Brenda Evans shares her 25 year volunteering experience at the Charity

  • 28 May 2024

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Brenda has been volunteering for the Charity for over 25 years, in many volunteer roles.

She currently volunteers at the Regent Street shop, at the Retail Hub, delivering Sugarcraft making sessions in Arthur’s Shed, in the Living Well Service and has been a volunteer driver. She is also a Caring Communities volunteer and visits patients in their own homes for conversation and company.

Brenda has travelled the world, loves hiking and is learning French. She kindly explained more about her history with the Charity and her Caring Communities volunteer role.

How and why did you first get involved with the Charity?

I used to have a part-time job and when the company closed down and I was made redundant I didn’t have anything else to do. I was very particular about where I wanted to be. I had worked with a team of a dozen people and we got on very well and I didn’t want to go into a job where people weren’t nice to each other.

I was tidying my desk one day and for some reason I came across four leaflets from the Hospice. I thought, “I wonder why I kept these? It must be to do with the volunteering on the back.” So, I applied to be a volunteer.

I started volunteering at the old Hospice on Mill Road. I used to do quite a lot of roles there and especially with the day patients.

Why did you volunteer for Caring Communities? 

During COVID, it was masks and Zoom and telephone calls, which I find difficult [because I am deaf], so I had a fallow period then, apart from when I worked in the shops if they were allowed to open. I heard about the Care in Community volunteer roles and joined the Caring Communities Team.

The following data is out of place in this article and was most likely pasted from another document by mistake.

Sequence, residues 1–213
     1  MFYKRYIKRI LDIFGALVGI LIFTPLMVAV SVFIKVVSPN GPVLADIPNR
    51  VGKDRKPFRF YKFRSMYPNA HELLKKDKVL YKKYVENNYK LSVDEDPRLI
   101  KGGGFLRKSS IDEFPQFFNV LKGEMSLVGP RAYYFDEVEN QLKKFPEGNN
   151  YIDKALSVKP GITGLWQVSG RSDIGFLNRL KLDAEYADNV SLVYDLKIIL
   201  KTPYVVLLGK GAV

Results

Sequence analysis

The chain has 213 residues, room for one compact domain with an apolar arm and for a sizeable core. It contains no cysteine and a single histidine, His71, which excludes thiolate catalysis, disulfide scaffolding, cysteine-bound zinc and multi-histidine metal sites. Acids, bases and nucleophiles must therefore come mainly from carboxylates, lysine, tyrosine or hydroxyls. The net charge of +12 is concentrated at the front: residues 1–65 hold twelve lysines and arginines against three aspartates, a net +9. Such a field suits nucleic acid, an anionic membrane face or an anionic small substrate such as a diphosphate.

How do you introduce yourself to new patients at the beginning?

Well, that’s made very easy by Chris [Barker], Caring Communities Coordinator, who will always visit or contact the patient first and do an assessment. Then she will write a synopsis for me so I know something about the patient.

When we’ve finished visiting a patient it gets reported back and that gets passed onto the next volunteer – so that can be quite useful as well.  The patient also is given a synopsis of who is coming to see them so that they know who’s at the door!

What does a visit look like?

Typically each visit is about an hour. If you’re having a chat with a patient and it goes on or they might be showing you something or telling you something, you don’t stop because the hour’s up. One patient I visit is not currently up for an hour of constant attention so I adjust it to what seems appropriate for her.

I have seen all of them at different times of the day depending on how their days work out. I talk to one lady about my travels as her family do some traveling, so she could talk about their travels as well.

I offer a hand massage to all of my patients and the current lady I visit is very, very appreciative of it and I think really helps her. She also reads me scriptures, or I read some to her. I am longing for a patient where we get into a story and we read a chapter a week. I love reading stories.

I feel very grateful that I am able to offer hand massage as this physical contact can enable them to open up to more serious conversations they may want to have with you. Usually, unless they’re real talkers, it does help them relax! And that’s fine. It’s whatever suits whatever person.

One of them had a model railway, and he was making a model of the HMS Victory. I am a miniaturist and I make dolls’ houses and things to go in it so, we had brilliant chats on that, and he was very helpful with tips and hints. I was really able to appreciate the work that he did on things. His late wife was a great craftswoman too, so that was really nice to hear.